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Operational Taxonomic Units (OTUs)

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  SSU metagenomics
  16S OTUs

Operational Taxonomic Units (OTUs)
In traditional numerical taxonomy (Sokal and Sneath, 1963; Sneath and Sokal, 1973), an Operational Taxonomic Unit (OTU) is a term that means "the thing(s) being studied". The definition is intentionally vague. The "thing(s)" could be an individual organism, a named taxonomic group such as a species or genus, or a group with undetermined evolutionary relationships that share a given set of observed characters. It is up to a scientist to specify and justify his or her definition of OTUs in the context of a particular study.

Can traditional numerical taxonomy methods be used for 16S reads?
Methods from numerical taxonomy are often applied to next-generation marker gene sequencing studies, where organisms are not directly observed. An OTU is typically defined as a cluster of reads with 97% similarity, motivated by the expectation that these correspond approximately to species. This is reasonable providing that downstream analysis takes into account that the correspondence of OTUs with species may fail because:

(i) some species have genes that are >97% similar, giving merged OTUs containing multiple species,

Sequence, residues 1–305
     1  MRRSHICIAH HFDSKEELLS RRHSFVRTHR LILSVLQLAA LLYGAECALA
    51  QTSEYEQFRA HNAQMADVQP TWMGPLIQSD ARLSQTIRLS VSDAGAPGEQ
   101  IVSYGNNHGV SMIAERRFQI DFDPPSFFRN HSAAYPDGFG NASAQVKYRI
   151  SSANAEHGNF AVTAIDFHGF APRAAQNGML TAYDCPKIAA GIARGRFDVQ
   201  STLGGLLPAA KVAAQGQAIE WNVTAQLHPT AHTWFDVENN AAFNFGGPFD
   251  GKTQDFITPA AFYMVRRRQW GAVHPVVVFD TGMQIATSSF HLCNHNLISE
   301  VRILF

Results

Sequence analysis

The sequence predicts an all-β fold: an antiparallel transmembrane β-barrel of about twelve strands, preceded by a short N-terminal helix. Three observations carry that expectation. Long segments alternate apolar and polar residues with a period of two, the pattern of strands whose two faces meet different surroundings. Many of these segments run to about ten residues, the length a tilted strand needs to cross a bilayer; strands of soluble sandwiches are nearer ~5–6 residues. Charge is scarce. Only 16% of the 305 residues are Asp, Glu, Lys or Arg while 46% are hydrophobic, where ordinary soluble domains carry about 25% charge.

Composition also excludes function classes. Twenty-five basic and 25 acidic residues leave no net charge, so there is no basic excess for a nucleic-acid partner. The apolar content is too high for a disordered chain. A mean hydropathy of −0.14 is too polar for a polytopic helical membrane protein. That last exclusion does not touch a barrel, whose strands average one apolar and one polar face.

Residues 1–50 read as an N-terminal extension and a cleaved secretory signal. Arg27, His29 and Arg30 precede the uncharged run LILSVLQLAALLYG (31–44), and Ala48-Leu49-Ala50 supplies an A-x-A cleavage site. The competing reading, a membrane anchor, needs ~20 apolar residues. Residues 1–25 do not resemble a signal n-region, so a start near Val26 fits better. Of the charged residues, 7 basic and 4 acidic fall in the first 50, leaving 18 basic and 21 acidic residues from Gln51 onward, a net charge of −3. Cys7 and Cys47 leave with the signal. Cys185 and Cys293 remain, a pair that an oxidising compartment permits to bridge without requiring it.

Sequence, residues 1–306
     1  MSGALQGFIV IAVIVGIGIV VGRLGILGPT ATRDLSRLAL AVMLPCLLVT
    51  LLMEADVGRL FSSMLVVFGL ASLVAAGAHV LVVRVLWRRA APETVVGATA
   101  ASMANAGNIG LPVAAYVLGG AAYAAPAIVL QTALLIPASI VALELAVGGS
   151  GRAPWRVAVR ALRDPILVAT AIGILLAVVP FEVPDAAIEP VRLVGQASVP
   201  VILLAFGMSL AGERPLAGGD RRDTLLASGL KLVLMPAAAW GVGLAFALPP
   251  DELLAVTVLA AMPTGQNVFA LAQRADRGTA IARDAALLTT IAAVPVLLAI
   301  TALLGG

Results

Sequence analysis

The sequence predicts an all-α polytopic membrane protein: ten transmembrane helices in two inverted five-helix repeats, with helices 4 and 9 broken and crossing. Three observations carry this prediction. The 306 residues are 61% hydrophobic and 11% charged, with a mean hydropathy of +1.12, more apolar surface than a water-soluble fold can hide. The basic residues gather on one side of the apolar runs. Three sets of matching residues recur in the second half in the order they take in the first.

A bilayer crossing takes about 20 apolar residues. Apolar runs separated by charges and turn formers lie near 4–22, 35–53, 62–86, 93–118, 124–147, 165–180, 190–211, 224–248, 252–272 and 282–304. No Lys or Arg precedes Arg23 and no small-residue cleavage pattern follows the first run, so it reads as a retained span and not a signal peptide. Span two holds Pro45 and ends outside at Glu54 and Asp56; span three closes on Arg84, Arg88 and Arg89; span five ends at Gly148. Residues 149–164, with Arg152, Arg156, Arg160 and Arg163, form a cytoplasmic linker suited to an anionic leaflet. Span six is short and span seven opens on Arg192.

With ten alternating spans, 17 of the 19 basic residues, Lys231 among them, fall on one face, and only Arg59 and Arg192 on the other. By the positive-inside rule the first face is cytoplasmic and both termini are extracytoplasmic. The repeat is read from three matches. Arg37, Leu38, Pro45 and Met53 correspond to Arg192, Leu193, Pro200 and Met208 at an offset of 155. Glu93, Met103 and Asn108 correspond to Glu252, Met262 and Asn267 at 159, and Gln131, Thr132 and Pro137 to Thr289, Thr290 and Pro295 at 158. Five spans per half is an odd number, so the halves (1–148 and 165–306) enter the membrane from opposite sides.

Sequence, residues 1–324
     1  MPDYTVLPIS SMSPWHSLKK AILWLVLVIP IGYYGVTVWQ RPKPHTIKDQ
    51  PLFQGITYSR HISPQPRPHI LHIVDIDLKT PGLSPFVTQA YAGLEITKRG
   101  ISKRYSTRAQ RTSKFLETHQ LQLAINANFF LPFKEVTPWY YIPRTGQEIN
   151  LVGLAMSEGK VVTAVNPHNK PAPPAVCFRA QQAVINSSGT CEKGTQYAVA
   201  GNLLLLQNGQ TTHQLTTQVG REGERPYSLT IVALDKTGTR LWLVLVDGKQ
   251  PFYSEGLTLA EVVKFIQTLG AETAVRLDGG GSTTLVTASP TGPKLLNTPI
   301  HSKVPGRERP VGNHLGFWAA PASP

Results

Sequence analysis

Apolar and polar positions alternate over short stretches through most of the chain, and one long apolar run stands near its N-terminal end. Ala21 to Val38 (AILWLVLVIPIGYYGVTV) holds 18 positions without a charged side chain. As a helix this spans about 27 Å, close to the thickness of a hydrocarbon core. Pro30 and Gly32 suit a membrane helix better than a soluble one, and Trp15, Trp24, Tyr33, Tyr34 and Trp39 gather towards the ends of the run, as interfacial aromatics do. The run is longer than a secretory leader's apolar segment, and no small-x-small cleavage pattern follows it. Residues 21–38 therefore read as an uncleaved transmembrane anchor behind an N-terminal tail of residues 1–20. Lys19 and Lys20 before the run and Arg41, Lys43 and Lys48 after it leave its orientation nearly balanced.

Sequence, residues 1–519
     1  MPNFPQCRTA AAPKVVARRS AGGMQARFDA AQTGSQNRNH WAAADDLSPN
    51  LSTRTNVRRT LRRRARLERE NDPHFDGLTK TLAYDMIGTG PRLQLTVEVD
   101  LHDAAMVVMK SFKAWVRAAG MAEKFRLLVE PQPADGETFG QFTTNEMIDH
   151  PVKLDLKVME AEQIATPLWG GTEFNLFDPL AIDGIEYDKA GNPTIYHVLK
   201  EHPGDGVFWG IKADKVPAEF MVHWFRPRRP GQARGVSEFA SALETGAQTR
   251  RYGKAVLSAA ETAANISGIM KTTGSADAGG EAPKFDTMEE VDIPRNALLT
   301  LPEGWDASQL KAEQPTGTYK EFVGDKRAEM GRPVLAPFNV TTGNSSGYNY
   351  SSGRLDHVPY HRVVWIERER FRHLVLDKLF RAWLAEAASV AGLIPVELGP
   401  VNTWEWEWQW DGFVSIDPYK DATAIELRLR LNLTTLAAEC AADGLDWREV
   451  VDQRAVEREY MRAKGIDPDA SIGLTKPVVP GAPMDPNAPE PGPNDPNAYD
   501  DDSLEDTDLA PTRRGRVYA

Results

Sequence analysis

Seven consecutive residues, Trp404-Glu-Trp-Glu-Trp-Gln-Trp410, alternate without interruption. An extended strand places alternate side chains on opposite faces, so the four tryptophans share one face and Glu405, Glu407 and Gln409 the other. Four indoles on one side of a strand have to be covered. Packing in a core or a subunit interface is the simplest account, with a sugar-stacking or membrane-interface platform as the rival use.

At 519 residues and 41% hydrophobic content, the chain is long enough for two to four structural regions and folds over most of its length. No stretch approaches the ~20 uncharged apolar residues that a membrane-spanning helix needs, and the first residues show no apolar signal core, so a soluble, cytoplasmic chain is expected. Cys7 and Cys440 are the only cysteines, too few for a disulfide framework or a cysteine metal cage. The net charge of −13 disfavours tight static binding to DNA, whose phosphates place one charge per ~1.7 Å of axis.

(ii) a single species may have paralogs that are <97% similar, causing the species to be split across two or more OTUs, and

(iii) some clusters, even a majority, may be spurious due to artifacts including read errors and chimeras.

Traditional methods, including rarefaction curves to assess species richness and alpha and beta diversity estimators, implicitly assume that OTUs are observations of organisms with negligible error, and that the number of observations (reads) correlates well with the total number of individuals present in the community. I believe that these methods must be modified in cases where OTUs do not reliably correspond to species or monophyletic groups, especially if OTUs with lower abundance are more likely to be artifacts. Similar considerations apply to inferences based on the RDP Classifier, which may report a chimera as a novel genus, or methods that require building a phylogenetic tree, e.g. for UniFrac, where the tree topology will be disrupted by chimeras. If a majority of OTUs are experimental artifacts, then traditional species richness estimates are not valid, and measures of between-sample variation will tend to reflect differences in artifact frequencies rather than biological differences.

Sokal, PHA and Sneath, RR (1963), Principles of Numerical Taxonomy, San Francisco: W.H. Freeman..
Sneath, RR and Sokal, PHA (1973), Numerical Taxonomy, San Francisco: W.H. Freeman.